Microsoft and two men have been sued by a woman who claims that, during her time at the company, she was sexually attacked, discriminated against, and unfairly fired.
Sunday Tollefson worked at Microsoft from 2013 to 2015 in its marketing and operations organization as a business program manager, which she expected would be a temporary arrangement because she considered the position a stretch given her experience. She had earlier graduated with a master’s degree in biz admin (aka an MBA) from Carnegie Mellon University.
Her lawsuit, filed in the US, takes aim at the Windows giant, and two men: Sudev Muthya, and an anonymous John Doe. Muthya is accused of discriminating against her, and demeaning and harassing her, for being a woman, while the John Doe is accused of sexual assault.
Muthya was Tollefson’s supervisor, and left Microsoft last year, for reasons unrelated to the events described in the court filing, we’re told. The Register asked Muthya via email whether he wished to comment on the claims. He referred the matter to Microsoft public relations. Microsoft could not confirm whether or not the John Doe was still employed by the American corporation, and had no further comment on him.
The situation described in the court documents echoes other discrimination lawsuits filed by women against technology companies – allegations of sexual assault followed by punishment for speaking up.
“On or about July 2014, at a company-sponsored event, a colleague, JOHN DOE #1, aggressively grabbed Tollefson by the neck and ‘shoved his tongue down [her] throat,'” the complaint says. “She reported this assault to Eunice Lunde (Human Resources). Her report was investigated, her complaint was substantiated, and she was told that the employee was disciplined for ‘unwanted physical contact.'”
The complaint further contends that during her tenure at Microsoft, Tollefson “was constantly berated and belittled by Muthya when her male coworkers were not subjected to such harsh treatment.”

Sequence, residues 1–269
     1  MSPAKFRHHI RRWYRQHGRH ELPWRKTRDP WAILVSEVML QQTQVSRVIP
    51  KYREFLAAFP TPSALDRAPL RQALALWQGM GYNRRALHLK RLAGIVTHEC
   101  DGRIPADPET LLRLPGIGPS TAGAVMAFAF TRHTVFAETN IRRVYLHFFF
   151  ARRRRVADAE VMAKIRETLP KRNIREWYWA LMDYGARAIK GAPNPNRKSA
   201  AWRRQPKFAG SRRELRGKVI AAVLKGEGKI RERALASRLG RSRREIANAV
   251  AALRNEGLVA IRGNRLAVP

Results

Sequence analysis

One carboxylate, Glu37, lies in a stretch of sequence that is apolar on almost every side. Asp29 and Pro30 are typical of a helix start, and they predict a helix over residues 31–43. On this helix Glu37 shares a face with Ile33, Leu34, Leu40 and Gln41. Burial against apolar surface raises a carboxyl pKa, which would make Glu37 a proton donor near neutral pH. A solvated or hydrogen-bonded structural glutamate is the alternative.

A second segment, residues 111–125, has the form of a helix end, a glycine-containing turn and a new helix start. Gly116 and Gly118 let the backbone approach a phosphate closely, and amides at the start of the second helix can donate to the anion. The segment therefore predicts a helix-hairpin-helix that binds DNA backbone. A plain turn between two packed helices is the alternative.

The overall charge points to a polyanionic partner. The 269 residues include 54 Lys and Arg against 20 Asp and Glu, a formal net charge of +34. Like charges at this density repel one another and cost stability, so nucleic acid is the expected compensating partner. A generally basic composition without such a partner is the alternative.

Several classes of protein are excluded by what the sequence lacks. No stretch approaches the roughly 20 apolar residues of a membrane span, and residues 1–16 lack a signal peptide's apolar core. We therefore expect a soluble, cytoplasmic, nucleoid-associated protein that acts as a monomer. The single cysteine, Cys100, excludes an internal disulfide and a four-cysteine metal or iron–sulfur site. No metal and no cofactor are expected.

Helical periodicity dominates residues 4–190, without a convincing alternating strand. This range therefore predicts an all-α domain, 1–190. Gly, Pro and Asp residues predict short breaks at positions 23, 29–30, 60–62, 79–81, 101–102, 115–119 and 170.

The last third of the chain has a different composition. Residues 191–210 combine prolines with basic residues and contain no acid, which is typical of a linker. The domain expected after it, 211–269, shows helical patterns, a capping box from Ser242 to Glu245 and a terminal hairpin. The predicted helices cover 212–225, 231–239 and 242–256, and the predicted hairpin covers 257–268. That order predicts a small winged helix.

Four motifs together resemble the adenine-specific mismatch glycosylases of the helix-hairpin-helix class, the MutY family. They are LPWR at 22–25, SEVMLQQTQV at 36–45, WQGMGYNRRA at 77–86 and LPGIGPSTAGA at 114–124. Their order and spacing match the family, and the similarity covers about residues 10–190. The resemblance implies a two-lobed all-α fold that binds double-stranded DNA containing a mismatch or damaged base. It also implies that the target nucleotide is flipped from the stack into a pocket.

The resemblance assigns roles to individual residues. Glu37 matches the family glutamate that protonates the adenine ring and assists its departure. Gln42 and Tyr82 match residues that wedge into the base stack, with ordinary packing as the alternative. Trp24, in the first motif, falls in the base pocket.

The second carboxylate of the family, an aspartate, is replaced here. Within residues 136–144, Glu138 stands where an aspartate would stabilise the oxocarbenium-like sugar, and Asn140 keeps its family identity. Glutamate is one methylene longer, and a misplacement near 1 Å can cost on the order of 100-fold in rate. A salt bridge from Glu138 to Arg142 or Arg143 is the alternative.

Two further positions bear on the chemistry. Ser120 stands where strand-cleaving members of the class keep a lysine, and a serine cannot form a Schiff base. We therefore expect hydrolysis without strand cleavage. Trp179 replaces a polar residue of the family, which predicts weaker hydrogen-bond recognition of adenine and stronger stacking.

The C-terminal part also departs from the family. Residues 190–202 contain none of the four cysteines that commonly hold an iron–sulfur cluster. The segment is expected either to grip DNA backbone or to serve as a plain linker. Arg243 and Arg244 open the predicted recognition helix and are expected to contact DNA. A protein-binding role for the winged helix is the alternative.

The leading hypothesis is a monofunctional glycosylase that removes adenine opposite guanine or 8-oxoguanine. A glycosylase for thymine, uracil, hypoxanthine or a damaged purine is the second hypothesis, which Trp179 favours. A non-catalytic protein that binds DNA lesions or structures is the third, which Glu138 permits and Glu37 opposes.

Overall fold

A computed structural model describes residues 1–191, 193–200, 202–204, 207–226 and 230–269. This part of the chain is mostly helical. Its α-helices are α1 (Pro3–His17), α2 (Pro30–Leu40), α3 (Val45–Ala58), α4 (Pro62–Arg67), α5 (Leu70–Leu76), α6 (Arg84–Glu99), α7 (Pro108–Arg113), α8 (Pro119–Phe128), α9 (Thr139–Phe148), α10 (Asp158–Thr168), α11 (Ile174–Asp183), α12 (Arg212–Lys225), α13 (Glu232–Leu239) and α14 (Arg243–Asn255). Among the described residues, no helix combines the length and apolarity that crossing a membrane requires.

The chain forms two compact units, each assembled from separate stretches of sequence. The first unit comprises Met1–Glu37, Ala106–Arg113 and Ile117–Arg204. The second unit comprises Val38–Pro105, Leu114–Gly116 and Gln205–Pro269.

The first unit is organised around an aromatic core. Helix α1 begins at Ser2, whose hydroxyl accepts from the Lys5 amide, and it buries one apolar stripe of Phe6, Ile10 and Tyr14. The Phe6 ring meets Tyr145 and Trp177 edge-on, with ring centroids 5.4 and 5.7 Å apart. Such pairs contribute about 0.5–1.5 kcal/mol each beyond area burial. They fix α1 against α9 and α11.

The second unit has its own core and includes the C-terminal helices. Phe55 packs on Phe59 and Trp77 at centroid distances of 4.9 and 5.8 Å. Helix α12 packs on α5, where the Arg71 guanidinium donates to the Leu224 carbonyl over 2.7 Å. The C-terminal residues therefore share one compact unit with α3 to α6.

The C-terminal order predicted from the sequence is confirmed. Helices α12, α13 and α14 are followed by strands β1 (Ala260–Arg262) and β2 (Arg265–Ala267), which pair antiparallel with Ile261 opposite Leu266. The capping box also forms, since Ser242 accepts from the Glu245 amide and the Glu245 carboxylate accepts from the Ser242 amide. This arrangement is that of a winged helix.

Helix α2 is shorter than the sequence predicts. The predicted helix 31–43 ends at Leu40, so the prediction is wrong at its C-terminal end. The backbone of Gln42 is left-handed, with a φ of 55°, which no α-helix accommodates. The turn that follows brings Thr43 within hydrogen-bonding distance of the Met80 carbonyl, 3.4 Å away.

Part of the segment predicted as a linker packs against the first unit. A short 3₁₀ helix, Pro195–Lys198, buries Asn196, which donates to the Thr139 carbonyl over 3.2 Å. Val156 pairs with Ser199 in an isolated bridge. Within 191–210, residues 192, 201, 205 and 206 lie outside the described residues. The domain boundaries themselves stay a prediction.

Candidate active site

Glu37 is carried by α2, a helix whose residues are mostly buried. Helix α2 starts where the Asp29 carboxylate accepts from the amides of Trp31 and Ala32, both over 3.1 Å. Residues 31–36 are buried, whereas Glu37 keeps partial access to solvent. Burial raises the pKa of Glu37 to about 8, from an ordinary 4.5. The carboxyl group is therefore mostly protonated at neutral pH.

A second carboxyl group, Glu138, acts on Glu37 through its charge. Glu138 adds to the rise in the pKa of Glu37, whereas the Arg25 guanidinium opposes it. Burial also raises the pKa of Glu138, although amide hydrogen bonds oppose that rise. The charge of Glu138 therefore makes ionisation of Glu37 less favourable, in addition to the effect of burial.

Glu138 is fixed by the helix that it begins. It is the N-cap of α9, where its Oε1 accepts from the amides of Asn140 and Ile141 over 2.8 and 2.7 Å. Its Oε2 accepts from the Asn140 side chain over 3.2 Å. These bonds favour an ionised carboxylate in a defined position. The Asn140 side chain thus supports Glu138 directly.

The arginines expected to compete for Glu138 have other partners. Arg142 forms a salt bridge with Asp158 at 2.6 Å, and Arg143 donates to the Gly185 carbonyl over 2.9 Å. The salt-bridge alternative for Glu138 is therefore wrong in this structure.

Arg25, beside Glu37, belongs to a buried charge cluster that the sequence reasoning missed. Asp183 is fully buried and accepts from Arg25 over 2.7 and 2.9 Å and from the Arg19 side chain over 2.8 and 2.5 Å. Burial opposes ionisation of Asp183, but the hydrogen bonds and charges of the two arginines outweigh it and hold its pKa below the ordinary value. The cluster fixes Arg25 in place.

Allegedly, she was not allowed the same opportunity to work from home as male colleagues, and was criticized for being a single mother and taking time to care for her son and attend activities at his school – privileges it’s claimed were afforded to male colleagues.
After reporting her sexual harassment, the complaint says, Tollefson was punished with false performance reviews. “Muthya’s evaluations and management of Tollefson’s performance were false, derogatory and intended to ‘manage her out’ of her job and cause her termination when he knew or should have known that no ’cause’ existed,” the complaint states.
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Tollefson was fired in March 2015, and was banned from working for the software giant in any capacity. The company imposed the condition that she may not work for Microsoft, as an employee or agency temp, and may not “have access to the Microsoft network as a vendor or contractor or as an employee of a vendor or contractor” – a highly unusual requirement.
She said the terms of her termination have limited her employability and damaged her reputation. She’s seeking damages for alleged gender discrimination, wrongful termination, marital status discrimination, and a hostile work environment.
In a statement emailed to The Register, a Microsoft spokesperson pushed back against the allegations. “Microsoft is committed to a diverse and inclusive workforce and we take these issues seriously,” the company’s spokesperson said. “We’ve carefully reviewed the complaint and believe the legal claims are unfounded.”
Tollefson initially took her case to the King County Superior Court, Washington. On Wednesday, it was moved on to a US district court in Seattle. This follows a complaint filed in 2015 with the Washington State Human Rights Commission and the US Equal Employment Opportunity that, after three years, resulted in a Notice of Right to Sue. ®
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